Mount Annan Botanical Gardens

Image via Akseli Koskela
The view from Mount Annan out towards Menangle.
Image via Akseli Koskela
Another Southerly view from Mount Annan.
Last weekend, Esther and I visited the “Australian Botanic Garden: Mount Annan”, which along with the “Blue Mountains Botanic Garden: Mount Tomah” and the “Royal Botanic Garden” make up the three Botanic Gardens in Sydney. The three gardens have something of a division of labour -- the Blue Mountains garden is a “cool-climate” botanic garden; the Mount Annan garden is an “Australian natives” botanic garden; and the Royal Botanic Garden, is of course the original botanic garden built on what was previously the Governor’s “demesne” or “domain” and converted into a botanic garden in 1816.

Image via Akseli Koskela
Gum trees in the afternoon sun.
Image via Akseli Koskela
The beginning of the Southern Highlands.
Walking around Mount Annan last week, I could see why they chose it as a site to specialise in Australian natives, it’s just such a dry-looking place. You will notice from the photos that the landscape looks typically Australian. But you will not get any clue from the photos that the week prior to us visiting had been a week of almost incessant rain across Sydney. In fact, I was walking around the garden in a pair of plimsolls, because my more trusty everyday shoes were at that moment sitting at home in the balcony in the hope that they might dry-out. I must have put those old shoes back in their box when they were still wet, because when I took them out they had a good covering of mould and a green shoot sprouting from under the soles!

Image via Akseli Koskela
The Blue Tree -- don't ask...
Another thing you wouldn’t notice from the photos is that it is the middle of Winter down here. Australian natives don’t tend to lose their leaves and if you do see a tree without its leaves it’s most likely dead. Like the blue painted tree that we came across out in the middle of the garden just before leaving.
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12 comments:

Judie said...

The photos look somewhat like some areas of Arizona. Unfortunately, we have not had any rain in over two months, and are suffering quite a drought. The gum tress really do look beautiful in the afternoon sun.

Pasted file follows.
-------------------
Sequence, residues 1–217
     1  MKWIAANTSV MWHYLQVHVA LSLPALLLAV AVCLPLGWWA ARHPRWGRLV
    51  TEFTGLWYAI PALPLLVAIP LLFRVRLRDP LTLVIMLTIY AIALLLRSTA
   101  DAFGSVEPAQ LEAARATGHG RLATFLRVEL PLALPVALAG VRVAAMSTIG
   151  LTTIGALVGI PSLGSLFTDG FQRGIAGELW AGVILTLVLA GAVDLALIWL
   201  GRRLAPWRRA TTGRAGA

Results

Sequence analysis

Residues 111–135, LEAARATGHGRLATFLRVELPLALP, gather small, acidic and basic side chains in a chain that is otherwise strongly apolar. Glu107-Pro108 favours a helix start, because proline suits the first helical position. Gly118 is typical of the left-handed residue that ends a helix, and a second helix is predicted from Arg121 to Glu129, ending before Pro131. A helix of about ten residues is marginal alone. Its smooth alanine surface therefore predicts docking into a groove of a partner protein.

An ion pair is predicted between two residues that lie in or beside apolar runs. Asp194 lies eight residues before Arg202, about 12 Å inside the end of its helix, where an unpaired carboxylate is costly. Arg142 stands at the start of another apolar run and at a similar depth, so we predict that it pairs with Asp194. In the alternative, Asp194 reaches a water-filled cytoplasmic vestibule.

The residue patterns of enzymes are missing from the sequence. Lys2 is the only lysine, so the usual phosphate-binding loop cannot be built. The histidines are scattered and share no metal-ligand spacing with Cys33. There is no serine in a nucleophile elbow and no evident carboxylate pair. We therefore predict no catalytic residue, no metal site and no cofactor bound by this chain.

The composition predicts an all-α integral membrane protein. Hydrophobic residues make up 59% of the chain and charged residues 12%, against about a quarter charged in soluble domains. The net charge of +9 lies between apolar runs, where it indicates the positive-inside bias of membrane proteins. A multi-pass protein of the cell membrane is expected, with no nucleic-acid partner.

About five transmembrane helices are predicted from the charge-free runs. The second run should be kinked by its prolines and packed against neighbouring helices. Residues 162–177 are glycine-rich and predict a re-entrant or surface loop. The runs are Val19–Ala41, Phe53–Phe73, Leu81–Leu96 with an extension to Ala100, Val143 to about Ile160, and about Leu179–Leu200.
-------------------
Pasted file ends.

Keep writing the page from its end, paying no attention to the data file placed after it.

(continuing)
JJ said...

Fabulous! However, since I cannot ask, I now must do some research on the blue tree. I am not sure if it is an illusion, or if there is such a phenomenon. I am intrigued.

smallgardendesign said...

All these are fabulous. looking nice. small garden design

Akseli Koskela said...

That doesn't surprise me Judie -- I've often thought that the landscape around the Macarthur region of New South Wales looks quite similar to some parts of southern California. In fact, when I was reading "The Grapes of Wrath", this particular area of NSW was exactly the landscape I pictured in my head.

I always imagined that Arizona would be a bit drier though. In 2007 I visited the Coachella Valley near Palm Springs to see a music festival, that place looked like a proper desert! You'd have to go quite a distance West from Sydney to get that kind of dry landscape down here (further West than I've ever been anyway -- probably into the next State)!


JJ, well I said "don't ask", but actually I do know what it is. It is a dead tree that's been painted blue as "art". And I vaguely remember reading on a sign somewhere that dead trees actually still play an important role in the environment as many birds, lizards and insects make their homes in them. But I don't know where the inspiration to paint the tree blue came from!

Arti said...

The garden looks very inviting. Fabulous pics and description! The last pic really caught my eye with the blue painted tree! Never seen anything like that...

Arti said...

Incredible images, loved the Gum tree one the most!! Wonderful place to visit no doubt!
Have a great month:)

Francis Hunt said...

Personally, I love that panorama of the Southern Highlands. And what can one say about Australian trees other than - by gum!?:-)

Akseli Koskela said...

Thanks Arti, yes that painted tree looks quite striking doesn't it?!

Francis, yeah that panorama is one of my favourites too -- it has a good mix of human cultivation and wilderness.

I was lucky the photos came out so well. I only took them with my camera phone which has no zoom and is generally rubbish at landscapes. That's why most of the photos focus on that dry grassy foreground.

nelson peltz said...

Great post. thanks for sharing these beautiful posts.

bill ackman

Kokoda said...
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wasp control melbourne said...

There are many beautiful outdoor areas in and around Sydney. The Royal Botanic Gardens in Sydney, are located on Sydney Harbour at Farm Cove next to the Opera House. The parkland sits on 75 acres of meticulously manicured gardens and lawns. The scenery is amazing and a lovely place to have a picnic and relax.